Skip to main content

When will my baby crawl?

Explore this article's topics:

Health & Development Baby milestones

Your baby starting to crawl is a huge milestone and is something that many parents look forward to. It’s a huge change for your baby too, as they can now move about by themselves and start to fully explore the world around them. Many babies will start to crawl around 8 months, although some might do this earlier and others a little bit later. And some babies will bottom shuffle to move around and will go onto all fours a bit later, and sometimes just before walking.

It’s important to remember that all babies develop at different speeds and you shouldn’t be overly concerned if your wee one is going at their own pace. This is especially true if your baby is born premature.

Learning new physical skills isn’t easy for babies and can sometimes cause them to get upset and cry. This can be hard for you too, so remember to ask family and friends for support, or speak to your Health Visitor or Family Nurse for advice.

How do I encourage my baby to start crawling?

Photo of baby girl lying on tummy

Photo of baby girl lying on tummy

There are a number of things you can do to help your baby start crawling, but one of the most important is to relax about it. The main thing is that your baby is starting to move independently, so how they do it doesn’t matter that much. So, whether they crawl backwards, bottom shuffle or something in between, it’s all ok.

You can tell that your baby is getting ready to crawl when they can push themselves up on extended arms. You can also help them develop this with tummy time activities.

Try these fun tips to build their balance and help them on their way. This video from NHSGGC has more tips to help you encourage your baby to start crawling.

How to make the most of crawling

Making crawling fun and rewarding will help your baby develop their skills and start to think about walking too. Your wee one will still need a lot of supervision and you’ll need to find a balance of ‘letting them have a go’ and keeping them safe. But making sure your home is baby proofed should help you feel more confident. You should always:

  • Check the floor for sharp objects or small items that your baby could put in their mouth. You should also fit safety gates on stairs and anywhere else that needs them
  • Avoid using a baby walker. These encourage the wrong kinds of movement for walking, and should never be used. It’s better for your baby to be able to explore by crawling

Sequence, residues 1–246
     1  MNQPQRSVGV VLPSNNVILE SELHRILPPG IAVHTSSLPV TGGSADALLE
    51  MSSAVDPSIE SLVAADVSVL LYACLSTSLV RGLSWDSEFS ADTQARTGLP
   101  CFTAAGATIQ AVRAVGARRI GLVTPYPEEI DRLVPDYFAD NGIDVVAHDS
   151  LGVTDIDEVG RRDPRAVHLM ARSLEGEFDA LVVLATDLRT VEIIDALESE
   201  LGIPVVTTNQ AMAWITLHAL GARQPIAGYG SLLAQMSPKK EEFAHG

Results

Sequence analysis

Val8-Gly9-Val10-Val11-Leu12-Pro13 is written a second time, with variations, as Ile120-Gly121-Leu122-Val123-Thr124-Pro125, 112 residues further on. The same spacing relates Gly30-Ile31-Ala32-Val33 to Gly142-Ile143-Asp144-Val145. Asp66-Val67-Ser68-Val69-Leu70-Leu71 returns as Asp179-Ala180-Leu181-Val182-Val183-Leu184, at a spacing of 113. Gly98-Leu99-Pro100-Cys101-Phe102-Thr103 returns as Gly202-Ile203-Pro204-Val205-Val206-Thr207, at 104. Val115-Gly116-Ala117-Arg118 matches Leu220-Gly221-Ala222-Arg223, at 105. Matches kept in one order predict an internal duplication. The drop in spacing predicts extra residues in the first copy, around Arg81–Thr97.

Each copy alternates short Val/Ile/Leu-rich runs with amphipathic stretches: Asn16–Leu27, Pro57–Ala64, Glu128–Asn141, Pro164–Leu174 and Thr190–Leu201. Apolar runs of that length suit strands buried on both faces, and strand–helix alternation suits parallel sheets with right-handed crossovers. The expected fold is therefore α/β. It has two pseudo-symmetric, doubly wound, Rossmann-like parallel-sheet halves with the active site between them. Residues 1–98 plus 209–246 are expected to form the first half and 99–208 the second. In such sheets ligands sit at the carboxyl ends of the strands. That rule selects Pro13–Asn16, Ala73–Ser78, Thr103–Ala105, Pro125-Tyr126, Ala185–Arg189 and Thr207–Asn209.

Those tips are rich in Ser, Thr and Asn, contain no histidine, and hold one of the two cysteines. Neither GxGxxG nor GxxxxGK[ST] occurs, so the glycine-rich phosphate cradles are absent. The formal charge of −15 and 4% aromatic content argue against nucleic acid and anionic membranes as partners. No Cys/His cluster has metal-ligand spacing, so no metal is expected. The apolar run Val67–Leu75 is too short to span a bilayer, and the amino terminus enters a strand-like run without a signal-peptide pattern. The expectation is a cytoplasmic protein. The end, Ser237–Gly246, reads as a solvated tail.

• Make the room interesting to explore with different toys and objects spread across the floor. You can look over and under things together and explore different surfaces like carpet, rugs, laminate and grass
Photo of a baby crawling with balls on grass

Photo of a baby crawling with balls on grass

Taking the stairs

Photo of a baby climbing stairs with mum

Photo of a baby climbing stairs with mum

At some point, your little one will probably become interested in climbing the stairs. Don’t panic, climbing is great for your baby’s planning skills. But they’ll need your support and constant supervision to make sure it’s safe.

You can help show your little one how to crawl up the stairs and how to come down safely. Some babies will crawl down backwards, some will slide on their tummy, and others will bump down on their bottom. They’re all fine, but will always need close supervision.

Staying safe

Once your baby starts to move around on their own, it’s important to keep a close eye on them. Make sure the space around them is completely safe to explore and that your home is baby proofed.

Should I be worried?

If your baby has no interest in moving around independently by 8 months, then you should discuss this with your Health Visitor or Family Nurse. It’s still ok for some babies to crawl after this age but your Health Visitor or Family Nurse can advise you on the best way forward. Or if you have any other concerns at any stage of your baby’s development, you can also discuss this with your Health Visitor or Family Nurse. If your baby is premature and receiving follow up care, you can also get advice from your developmental team.

Learning new physical skills can be hard for babies and it’s normal for them to cry. If they get really frustrated, they can cry in an angry way and their faces can turn quite red. You might find this worrying, but as long as your baby is not having breathing difficulties, there is nothing to be alarmed about. Just try to comfort and settle your baby as normal.

This article was created as part of 

NSH Scotland Logo

Last updated: 15 Jun, 2023